In the end, Russia didn’t try intercepting any U.S. missiles — although that didn’t stop the Russian Ministry of Defense from trying to claim victory anyway. The Ministry announced that Syria’s Soviet-made missile defense systems shot down 71 of the 105 cruise missiles fired last Friday by the U.S., UK and France. The Pentagon said all the missiles hit their targets, and that Syrian defense rockets had fired into the air wildly.

But the situation remains tense, with U.S. and U.K. officials accusing Syria and Russia of obstructing international investigations into the use of chemical weapons — and no clear answer from the Trump administration over what might trigger another strike.

Putin's political calculus

Two unnamed people told Bloomberg that Putin’s decision to give Trump another chance explains why Russian legislators abandoned a draft law this week that would have slapped wide-ranging counter-sanctions on American companies.

Putin has used rising tensions with the U.S. and Europe for his own domestic political gain, presenting himself as Russia’s defender against an aggressive and decadent West, Oliker said. But he seems to have decided the risks — in the form of sanctions and even potential military conflict — are starting to outweigh the rewards.


READ: Putin still has the upper hand in Syria, and Trump's team probably know that

“The continued crisis and escalation has some domestic politics benefits, but overall, the costs are higher,” Oliker said. “That’s really what’s behind this.”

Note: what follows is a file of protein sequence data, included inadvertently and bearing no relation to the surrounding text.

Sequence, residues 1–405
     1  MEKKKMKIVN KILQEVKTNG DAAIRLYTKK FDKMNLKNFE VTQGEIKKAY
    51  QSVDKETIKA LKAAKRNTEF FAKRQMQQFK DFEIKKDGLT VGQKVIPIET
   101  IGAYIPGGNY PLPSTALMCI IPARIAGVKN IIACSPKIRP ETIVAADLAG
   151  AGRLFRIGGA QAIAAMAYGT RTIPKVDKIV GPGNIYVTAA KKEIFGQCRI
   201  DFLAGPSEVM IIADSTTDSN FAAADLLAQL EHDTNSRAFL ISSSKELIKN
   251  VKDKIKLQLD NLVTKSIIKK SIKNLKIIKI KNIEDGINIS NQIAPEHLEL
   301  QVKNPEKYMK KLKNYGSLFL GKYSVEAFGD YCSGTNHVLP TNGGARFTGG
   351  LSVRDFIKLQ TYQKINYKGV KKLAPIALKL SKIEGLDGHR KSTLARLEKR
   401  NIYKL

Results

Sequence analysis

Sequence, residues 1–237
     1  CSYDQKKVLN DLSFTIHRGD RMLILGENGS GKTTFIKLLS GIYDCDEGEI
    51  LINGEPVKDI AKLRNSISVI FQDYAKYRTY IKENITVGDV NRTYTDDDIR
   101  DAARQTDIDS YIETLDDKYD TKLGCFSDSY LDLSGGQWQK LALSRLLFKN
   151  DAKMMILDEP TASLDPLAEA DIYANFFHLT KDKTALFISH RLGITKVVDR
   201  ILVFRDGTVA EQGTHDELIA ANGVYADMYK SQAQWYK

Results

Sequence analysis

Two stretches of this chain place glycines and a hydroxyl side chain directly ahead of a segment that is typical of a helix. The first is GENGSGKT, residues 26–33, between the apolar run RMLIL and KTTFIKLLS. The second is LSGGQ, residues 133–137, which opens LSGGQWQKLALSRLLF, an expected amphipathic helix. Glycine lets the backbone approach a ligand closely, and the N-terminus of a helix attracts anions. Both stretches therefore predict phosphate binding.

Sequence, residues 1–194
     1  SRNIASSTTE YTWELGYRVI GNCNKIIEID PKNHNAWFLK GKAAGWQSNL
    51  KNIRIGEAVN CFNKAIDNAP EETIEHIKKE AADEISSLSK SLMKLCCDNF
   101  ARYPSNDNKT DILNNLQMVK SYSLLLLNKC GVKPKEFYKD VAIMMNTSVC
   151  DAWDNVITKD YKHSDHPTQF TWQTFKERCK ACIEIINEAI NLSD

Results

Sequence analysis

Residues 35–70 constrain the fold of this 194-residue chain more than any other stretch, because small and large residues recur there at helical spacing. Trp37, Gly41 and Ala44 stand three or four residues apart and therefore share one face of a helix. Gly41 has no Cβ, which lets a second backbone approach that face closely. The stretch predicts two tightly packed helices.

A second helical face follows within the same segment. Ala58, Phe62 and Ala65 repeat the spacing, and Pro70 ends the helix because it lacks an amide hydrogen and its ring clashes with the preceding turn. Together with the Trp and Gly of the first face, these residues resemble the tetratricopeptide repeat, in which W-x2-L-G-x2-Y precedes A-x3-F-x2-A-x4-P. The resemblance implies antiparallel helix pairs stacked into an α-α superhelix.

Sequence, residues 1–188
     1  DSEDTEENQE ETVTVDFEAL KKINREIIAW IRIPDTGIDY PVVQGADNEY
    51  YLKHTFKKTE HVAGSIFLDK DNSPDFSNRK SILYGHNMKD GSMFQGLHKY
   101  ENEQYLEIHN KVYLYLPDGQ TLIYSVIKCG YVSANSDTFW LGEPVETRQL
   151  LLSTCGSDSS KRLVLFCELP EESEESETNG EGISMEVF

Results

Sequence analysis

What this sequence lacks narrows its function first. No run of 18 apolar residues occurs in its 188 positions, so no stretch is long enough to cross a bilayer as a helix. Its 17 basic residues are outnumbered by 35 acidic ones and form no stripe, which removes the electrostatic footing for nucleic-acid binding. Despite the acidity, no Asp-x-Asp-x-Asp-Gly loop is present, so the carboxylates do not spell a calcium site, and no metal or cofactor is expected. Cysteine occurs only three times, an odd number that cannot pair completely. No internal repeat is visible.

Back in America, Trump’s muddled approach to Moscow suggests there’s still a tug of war inside the administration over how to deal with Russia, said Anna Borshchevskaya of the Washington Institute for Near East Policy.

“It’s clear that there are sharp divisions in the Trump administration on how to deal with Russia,” said Borshchevskaya. “What we’re seeing now is the latest iteration of that.”

“I think there was a sense that the economic costs escalated faster than anyone had expected.”

Still, the attempted cool-down won’t undo the most recent sanctions Trump’s team approved in April, which are causing serious pain in Moscow, said David Szakonyi, an expert on Russian affairs at George Washington University.

This grim reality may be hitting Putin now.

“I think there was a sense that the economic costs escalated faster than anyone had expected,” Szakonyi. “The damage from two weeks ago is ongoing, and those companies are struggling to meet their debts.”

After U.N. Ambassador Haley announced even more sanctions that Trump didn’t actually plan to order, the White House struggled to explain away the communication breakdown. Larry Kudlow, Trump’s new national economics advisor, told reporters during a briefing in Florida that Haley might have experienced some “momentary confusion.”

But Haley fired back: With all due respect, I don’t get confused,” she said in an interview with Fox News.

Kudlow quickly corrected himself. “The policy was changed, and she wasn’t told about it, so she was in a box,” he said.

Cover image: In this Nov. 11, 2017, file photo, President Donald Trump, right, and Russia President Vladimir Putin talk during the family photo session at the APEC Summit in Danang.(Mikhail Klimentyev, Sputnik, Kremlin Pool Photo via AP)